Negotiators at the Iran nuclear talks pushed past their second deadline in a week on Tuesday, raising new questions about the ability of world powers to reach an agreement. The discussions, already in their 12th day, were prolonged until possibly Friday.
“We knew it would have been difficult, challenging and sometimes hard,” saidFederica Mogherini, the European Union’s foreign policy chief. She said the negotiations would continue despite hitting some “tense” moments, and the U.S. State Department declared the current interim nuclear arrangement with Iran extended through July 10.
As the latest target date arrived for a deal that would set a decade of restrictions on Iran’s nuclear program, U.S. Secretary of State John Kerry, Iranian Foreign Minister Mohammad Javad Zarif and other top diplomats huddled in Vienna in search of a breakthrough.
All had spoken of deep differences remaining, and there was no public indication they had resolved disputes ranging from inspection rules on suspicious Iranian sites to limits on Tehran’s research and development of advanced nuclear technology.
In Washington, White House spokesman Josh Earnest said the parties “have never been closer to reaching a final agreement than we are now” but significant differences remain.
“That’s an indication that these talks, at least for now, are worth continuing,” he said.
A senior U.S. official in Vienna confirmed that one more clear difference had resurfaced, saying the U.S. would oppose Iran’s demand that the nuclear agreement also include the lifting of the U.N. arms embargo on the country. The official said the U.S. is insisting that any new U.N. Security Council resolution pertaining to Iran retain an arms ban and ballistic missile restrictions.
Diplomats had extended their discussions by a week when they missed their goal of a pact by June 30, after passing previous deadlines in July 2014 and last November. For Kerry and his team, pressure is increasing from skeptical U.S. allies and members of Congress. If the accord isn’t sent to Congress by Thursday, its monthlong review period would be doubled to 60 days, meaning the Obama administration couldn’t lift any economic sanctions on Iran during that time.
The U.S. is in a tough spot. President Barack Obama has expended significant political capital on finalizing an agreement that has prompted suspicion from Iran’s regional rival, Saudi Arabia, outright hostility from America’s closest Mideast ally, Israel, and deep ambivalence even among congressional Democrats.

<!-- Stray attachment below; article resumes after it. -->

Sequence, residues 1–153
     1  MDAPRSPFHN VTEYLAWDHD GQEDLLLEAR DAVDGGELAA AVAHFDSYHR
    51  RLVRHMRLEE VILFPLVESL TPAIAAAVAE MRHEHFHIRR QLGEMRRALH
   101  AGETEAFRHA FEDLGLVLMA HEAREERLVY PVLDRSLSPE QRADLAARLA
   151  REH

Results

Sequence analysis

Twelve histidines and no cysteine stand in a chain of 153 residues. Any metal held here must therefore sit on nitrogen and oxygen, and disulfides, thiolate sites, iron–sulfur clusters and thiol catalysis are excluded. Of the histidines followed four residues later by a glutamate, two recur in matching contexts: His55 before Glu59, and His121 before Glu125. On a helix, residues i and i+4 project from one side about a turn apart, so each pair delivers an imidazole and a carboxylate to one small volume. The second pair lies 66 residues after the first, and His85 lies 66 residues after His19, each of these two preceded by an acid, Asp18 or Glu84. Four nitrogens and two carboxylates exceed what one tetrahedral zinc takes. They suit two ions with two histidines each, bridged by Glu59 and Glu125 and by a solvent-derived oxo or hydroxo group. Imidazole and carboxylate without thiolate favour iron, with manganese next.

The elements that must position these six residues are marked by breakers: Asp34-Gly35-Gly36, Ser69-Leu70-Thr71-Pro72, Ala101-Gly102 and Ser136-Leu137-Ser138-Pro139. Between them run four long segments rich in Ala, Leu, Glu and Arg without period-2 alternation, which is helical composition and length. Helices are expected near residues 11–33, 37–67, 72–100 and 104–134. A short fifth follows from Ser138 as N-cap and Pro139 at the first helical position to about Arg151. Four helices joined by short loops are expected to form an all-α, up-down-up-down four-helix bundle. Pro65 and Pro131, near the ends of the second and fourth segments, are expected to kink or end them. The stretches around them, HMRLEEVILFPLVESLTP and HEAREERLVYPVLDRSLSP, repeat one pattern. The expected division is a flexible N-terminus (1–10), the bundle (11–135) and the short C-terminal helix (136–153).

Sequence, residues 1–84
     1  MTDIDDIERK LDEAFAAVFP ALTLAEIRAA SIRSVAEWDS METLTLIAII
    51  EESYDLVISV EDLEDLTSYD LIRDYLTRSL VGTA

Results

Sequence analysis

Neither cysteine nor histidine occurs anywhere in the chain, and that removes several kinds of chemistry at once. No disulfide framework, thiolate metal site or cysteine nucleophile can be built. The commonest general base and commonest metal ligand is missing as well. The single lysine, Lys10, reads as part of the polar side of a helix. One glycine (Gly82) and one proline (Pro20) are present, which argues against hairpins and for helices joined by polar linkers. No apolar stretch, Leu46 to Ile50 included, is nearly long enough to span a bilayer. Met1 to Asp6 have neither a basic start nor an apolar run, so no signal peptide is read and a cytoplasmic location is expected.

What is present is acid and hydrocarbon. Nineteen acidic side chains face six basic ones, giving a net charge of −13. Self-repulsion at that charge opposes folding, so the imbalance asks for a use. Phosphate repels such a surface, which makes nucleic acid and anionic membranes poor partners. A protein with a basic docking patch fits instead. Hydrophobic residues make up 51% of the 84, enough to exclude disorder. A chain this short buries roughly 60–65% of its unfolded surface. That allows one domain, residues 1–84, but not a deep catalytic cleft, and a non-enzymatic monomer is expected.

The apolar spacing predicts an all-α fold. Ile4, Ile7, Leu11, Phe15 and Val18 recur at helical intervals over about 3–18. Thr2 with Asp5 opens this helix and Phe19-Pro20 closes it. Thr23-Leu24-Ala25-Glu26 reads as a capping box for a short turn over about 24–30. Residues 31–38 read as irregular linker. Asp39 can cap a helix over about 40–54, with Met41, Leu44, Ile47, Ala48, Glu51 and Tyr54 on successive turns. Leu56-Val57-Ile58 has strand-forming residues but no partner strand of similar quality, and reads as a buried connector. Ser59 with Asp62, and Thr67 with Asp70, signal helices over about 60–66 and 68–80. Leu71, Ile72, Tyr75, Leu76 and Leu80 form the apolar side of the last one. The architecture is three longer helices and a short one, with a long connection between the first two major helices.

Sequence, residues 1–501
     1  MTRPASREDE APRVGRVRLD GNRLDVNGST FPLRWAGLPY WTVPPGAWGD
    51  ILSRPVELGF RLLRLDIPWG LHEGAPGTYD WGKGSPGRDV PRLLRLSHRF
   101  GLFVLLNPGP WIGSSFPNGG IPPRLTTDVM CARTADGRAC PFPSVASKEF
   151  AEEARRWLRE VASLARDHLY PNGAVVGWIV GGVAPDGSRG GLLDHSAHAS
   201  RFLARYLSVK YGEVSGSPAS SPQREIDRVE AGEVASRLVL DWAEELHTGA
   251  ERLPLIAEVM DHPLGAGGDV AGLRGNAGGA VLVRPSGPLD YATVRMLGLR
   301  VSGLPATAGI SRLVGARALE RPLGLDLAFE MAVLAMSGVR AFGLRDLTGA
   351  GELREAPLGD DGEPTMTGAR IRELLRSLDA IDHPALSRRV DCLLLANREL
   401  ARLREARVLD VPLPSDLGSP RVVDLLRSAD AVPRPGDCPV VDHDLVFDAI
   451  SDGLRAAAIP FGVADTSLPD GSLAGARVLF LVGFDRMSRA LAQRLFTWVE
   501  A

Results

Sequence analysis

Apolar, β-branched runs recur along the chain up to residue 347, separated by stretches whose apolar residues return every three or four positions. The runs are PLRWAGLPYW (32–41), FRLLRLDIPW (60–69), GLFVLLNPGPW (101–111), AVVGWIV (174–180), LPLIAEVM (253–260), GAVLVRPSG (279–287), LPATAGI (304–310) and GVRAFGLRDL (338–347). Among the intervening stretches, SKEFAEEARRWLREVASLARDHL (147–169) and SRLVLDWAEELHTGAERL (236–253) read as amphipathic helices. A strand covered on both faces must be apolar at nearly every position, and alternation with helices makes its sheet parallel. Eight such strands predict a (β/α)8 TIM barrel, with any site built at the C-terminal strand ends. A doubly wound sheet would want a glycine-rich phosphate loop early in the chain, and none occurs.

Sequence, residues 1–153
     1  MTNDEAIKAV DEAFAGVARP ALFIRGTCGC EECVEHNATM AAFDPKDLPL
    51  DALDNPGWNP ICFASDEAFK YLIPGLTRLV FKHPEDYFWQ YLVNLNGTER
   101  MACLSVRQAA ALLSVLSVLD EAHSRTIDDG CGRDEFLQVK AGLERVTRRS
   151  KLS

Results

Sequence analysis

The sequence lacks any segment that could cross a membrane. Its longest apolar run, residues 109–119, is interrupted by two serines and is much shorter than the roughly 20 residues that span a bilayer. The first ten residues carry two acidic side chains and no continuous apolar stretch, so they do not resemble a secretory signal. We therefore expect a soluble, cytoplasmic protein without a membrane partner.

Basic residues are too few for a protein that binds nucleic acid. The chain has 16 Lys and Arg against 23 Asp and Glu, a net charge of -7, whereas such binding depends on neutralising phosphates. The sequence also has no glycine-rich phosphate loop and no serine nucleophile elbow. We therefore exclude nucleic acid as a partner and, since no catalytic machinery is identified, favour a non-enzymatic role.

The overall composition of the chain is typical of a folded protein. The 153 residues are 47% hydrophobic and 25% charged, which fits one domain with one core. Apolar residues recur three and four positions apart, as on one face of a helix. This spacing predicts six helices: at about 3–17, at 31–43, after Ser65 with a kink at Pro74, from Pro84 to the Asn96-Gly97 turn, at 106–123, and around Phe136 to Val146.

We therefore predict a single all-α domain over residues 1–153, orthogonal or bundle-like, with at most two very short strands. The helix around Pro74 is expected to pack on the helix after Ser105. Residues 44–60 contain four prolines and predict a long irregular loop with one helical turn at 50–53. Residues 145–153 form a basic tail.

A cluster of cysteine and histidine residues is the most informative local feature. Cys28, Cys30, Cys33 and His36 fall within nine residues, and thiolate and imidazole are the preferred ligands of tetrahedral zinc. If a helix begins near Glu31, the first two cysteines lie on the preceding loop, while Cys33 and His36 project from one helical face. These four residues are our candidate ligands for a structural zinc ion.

The No. 2 Democrat in the U.S. House, Rep. Steny Hoyer, told reporters Tuesday the talks “ought to be brought to a close.”
“My concern has been that there would be a rope-a-dope sort of performance by Iran, that they’ll just string out these negotiations,” he said.
Israeli Prime Minister Benjamin Netanyahu was more strident.
“The agreement of concessions that Iran is set to get from the world powers paves the way for it to arm itself with nuclear weaponry and to distribute it even more through the missiles it continues to develop,” he said. “How can you even trust a country that violates time and again the decisions of the international community? How does one grant Iran hundreds of millions of dollars without stipulating that this money will not oil the wheels of the terror machine and its expansion?”
To ease their concerns, Obama and Kerry have vowed to hold out for a “good deal” that verifiably keeps Iran at least a year away from a nuclear weapons capability for at least a decade. Current intelligence estimates put the Iranians only two to three months away from amassing enough material for a nuclear warhead, if they pursue such a course. The administration has repeatedly threatened to abandon negotiations if they prove fruitless.
On-and-off talks with Tehran have been going on for more than a decade, though this incarnation has come closest to any resolution.